In another preferred embodiment, the first and second sealing members each comprises a ball. A preferred liquid sampling device further comprises means for introducing or removing a gas respectively to or from the chamber, and preferred means for introducing or removing a gas comprises an air cylinder. A preferred sampling device comprises a plurality of pipets, and further comprises (a) a manifold having (i) an inlet port in communication with means for introducing or removing a gas and (ii) an outlet port in communication with each such first opening of each pipet, and (b) valve means positioned between the manifold and the means for introducing or removing a gas and in communication each therewith to control the introduction or removal of gas therebetween, whereby liquid can be drawn concurrently into each of the pipets and each sample substantially contained within each such chamber.
A preferred relative position of the first and second sealing members within the chamber is such that the first sealing member maintains a relative position between the second sealing member and the first seat.
A preferred embodiment of a liquid sampling device 10, according to the present invention, is shown in FIGS. 1-3. From the drawings and the following description, the unitary design of sampling device 10 will become apparent.
Provided is a pipet-like device, hereinafter termed "pipet", 12, that as shown in FIG. 1 comprises an interior chamber 14, a first opening 16 at a first end 18, and a second opening 20 at a second end 22. Pipet 12 as shown therein has a circular cross section, and tapers from about a 0.5 inch (13 mm) inner diameter at second opening 20, to about a 0.35 inch (9 mm) inner diameter above first opening 16, then to a smaller dimension for first opening 16. The size, location and configuration of first opening 16 and second opening 18 may vary and are readily selectable by the operator. For example, either opening can be positioned in a side wall of pipet 12, can be of a convenient size for the operator or application, and have other than a circular configuration.
Positioned within chamber 14 is freely movable first ball sealing member 24 and freely movable second ball sealing member 26. First seat 28 is disposed on inner wall 30 near first end 18 of pipet 12 for seating first ball member 24. Stopper 32 is positioned in opening 20 to snuggly fit within chamber 14. Stopper 32 has a recess 34 having a circular cross section for snuggly positioning therein O-ring 36. O-ring 36 has a diameter larger than the width of recess 34 to compressibly secure stopper 32 in chamber 14 and to also substantially prevent the flow of liquid out of the chamber between inner wall 30 and outer surface 38 of stopper 32. Stopper 32 has a first opening 40 at a first end 42, a second opening 44 at a second end 46, and a passage 48 therethrough between opening 40 and opening 44. Passage 48 has a recess 50 having a circular cross section for snuggly positioning therein O-ring 52. Second seat 54 is disposed at end 42 of stopper 32 and is spherical for seating second ball member 26. Second ball member 26 is made of a suitable material to have a specific gravity less than the specific gravity of the liquid to be sampled such that, when chamber 14 is filled with a liquid, second ball member 26 can float on the liquid and seat on second seat 54. First ball member 24 is made of a suitable material to have a specific gravity greater than the specific gravity of the liquid to be sampled, so that first ball member 24 can seat on first seat 28.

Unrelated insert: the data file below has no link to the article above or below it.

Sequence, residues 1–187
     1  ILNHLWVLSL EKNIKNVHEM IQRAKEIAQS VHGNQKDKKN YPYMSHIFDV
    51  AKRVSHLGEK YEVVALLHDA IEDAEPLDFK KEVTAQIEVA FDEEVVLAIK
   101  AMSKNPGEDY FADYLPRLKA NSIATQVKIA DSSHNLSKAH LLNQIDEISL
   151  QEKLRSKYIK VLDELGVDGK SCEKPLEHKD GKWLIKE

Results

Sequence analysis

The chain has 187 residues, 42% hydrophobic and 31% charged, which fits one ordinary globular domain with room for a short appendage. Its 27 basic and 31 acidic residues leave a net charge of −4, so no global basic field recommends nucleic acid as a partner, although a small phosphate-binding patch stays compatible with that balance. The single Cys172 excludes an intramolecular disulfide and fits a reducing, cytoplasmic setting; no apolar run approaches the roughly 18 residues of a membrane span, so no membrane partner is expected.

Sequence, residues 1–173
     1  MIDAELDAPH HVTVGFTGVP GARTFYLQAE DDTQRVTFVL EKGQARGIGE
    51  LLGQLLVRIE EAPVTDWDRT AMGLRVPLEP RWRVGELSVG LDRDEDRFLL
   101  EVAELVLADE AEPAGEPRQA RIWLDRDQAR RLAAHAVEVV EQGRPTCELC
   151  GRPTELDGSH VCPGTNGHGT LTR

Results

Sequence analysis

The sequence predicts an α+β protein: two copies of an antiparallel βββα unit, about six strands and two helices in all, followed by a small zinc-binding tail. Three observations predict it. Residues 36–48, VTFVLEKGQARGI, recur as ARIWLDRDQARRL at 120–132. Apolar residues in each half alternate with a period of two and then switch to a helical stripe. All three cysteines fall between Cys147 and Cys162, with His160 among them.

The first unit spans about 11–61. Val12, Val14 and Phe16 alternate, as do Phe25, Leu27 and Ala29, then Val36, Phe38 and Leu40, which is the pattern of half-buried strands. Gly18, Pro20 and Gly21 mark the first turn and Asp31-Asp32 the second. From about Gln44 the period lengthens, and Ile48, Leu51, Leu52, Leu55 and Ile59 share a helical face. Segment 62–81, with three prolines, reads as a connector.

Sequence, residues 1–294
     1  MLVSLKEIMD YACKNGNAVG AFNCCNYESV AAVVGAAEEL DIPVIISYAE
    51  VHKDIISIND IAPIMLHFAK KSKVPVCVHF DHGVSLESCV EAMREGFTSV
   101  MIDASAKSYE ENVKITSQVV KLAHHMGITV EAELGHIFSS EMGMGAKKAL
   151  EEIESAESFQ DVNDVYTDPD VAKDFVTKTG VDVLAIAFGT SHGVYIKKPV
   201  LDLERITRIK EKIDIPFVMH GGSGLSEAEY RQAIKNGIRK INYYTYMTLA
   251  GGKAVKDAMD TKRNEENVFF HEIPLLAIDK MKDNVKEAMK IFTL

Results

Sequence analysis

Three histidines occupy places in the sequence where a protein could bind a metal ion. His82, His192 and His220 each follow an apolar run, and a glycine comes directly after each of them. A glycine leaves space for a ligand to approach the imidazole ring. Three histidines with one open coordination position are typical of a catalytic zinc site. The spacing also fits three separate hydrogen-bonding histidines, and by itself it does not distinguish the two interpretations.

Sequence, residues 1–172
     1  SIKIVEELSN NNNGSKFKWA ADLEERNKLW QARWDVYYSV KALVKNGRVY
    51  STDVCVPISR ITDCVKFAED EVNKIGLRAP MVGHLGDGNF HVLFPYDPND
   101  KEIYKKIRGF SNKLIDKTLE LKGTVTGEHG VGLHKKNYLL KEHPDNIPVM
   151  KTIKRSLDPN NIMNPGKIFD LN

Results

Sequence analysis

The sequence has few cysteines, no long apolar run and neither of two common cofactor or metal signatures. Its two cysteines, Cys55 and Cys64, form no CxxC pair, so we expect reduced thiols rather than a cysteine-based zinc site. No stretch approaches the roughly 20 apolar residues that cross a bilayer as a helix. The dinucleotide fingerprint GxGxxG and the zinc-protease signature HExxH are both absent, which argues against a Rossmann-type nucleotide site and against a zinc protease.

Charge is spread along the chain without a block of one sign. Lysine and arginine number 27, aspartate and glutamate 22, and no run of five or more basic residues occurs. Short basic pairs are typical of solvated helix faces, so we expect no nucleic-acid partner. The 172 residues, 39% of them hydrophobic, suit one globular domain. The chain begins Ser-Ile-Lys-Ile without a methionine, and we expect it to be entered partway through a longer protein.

The diameters and relative positions in chamber 14 of first ball member 24 and second ball member 26 must be such as to permit free movement of each ball member within chamber 14 and allow each ball member to seat on its respective seat as above described. In the preferred embodiment described herein, first ball member 24 has a diameter of about 0.25 inches (0.64 cm), and second ball member 26 has a diameter of about 0.24 inches (0.60 cm). One skilled in the art can readily select dimensions for ball members 24 and 26 and pipet 12 that will work as above-described. For example, each ball member can have a diameter less than the inner diameter of pipet 12 but at least one-half of the largest such inner diameter of pipet 12 to ensure that the relative orientation of the ball members within and with respect to chamber 14 will not change. In other words, first ball member 24 can maintain a relative position between second ball member 26 and first seat 28 before, during, and after the below-described steps or operations when using the liquid sampler 10 in the practice of the invention.
The surface of first seat 28 should conform to the seating surface of first ball member 24, in order to maximize the seating area and minimize leakage of liquid out of chamber 14. By "seating surface" is meant the surface portion of a sealing member that contacts a seat when the sealing member is seated. First ball member 24 can be shaped so that just the seating surface conforms to first seat 28, and the shape of nonseating portions is not material. It is preferred that first seat 28 and the seating surface of first ball member 24 are annular, and in the embodiment described herein first seat 28 and first ball member 24 are spherical. In the preferred embodiment, pipet 12 is polypropylene and inner wall 30 is softened near first end 18 by heating, after which at such location first ball member 24 is pressed against inner wall 30 while inner wall 30 is allowed to cool. Seat 28 thus formed substantially defines a spherical surface and provides a greater seating surface area than would line surface contact between first ball member 24 and seat 28, thus improving the resistance to leakage of liquid from chamber 14 through seat 28.